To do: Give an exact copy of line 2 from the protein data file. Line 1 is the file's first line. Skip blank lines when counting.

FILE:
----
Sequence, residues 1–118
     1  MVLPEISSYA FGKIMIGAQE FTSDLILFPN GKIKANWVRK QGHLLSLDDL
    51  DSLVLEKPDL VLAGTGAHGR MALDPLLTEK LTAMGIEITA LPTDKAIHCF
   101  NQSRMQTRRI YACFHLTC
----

     1  MVLPEISSYA FGKIMIGAQE FTSDLILFPN GKIKANWVRK QGHLLSLDDL